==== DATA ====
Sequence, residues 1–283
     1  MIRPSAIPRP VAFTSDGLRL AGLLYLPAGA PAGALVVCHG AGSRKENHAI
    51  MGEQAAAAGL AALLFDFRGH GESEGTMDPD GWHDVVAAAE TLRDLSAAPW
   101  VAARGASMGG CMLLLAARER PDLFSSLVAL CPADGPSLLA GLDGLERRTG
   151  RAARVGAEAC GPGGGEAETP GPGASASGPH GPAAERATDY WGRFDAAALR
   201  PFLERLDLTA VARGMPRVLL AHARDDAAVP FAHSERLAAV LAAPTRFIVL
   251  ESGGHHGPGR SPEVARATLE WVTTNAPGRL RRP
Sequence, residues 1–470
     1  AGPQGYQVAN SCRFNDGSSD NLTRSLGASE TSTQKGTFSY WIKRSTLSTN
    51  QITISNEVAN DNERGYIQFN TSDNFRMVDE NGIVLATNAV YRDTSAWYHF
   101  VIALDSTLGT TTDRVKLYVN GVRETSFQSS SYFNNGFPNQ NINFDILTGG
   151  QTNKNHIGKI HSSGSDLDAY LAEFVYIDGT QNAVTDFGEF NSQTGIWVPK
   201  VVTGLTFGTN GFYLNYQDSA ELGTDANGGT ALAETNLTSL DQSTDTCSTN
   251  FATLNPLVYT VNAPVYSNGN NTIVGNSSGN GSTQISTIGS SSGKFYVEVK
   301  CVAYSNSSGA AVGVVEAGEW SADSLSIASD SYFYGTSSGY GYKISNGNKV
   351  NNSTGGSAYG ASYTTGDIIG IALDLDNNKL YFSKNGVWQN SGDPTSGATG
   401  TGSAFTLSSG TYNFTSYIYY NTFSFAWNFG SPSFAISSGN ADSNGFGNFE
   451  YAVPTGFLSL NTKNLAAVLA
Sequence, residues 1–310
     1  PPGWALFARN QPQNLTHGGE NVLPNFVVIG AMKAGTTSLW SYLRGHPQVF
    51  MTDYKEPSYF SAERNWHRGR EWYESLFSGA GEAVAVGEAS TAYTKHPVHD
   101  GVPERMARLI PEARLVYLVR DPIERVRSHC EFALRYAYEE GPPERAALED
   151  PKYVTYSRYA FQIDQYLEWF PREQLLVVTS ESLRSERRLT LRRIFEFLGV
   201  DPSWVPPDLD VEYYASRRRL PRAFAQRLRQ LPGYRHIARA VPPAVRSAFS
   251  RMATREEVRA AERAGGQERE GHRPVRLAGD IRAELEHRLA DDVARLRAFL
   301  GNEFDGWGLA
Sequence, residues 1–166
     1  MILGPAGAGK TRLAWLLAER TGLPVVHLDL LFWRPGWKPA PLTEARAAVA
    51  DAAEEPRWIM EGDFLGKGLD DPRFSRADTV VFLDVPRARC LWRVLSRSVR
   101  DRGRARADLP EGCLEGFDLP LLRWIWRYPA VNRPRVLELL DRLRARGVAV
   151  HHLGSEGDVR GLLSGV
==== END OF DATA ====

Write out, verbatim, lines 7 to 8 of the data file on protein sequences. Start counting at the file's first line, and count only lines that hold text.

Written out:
   251  ESGGHHGPGR SPEVARATLE WVTTNAPGRL RRP
Sequence, residues 1–470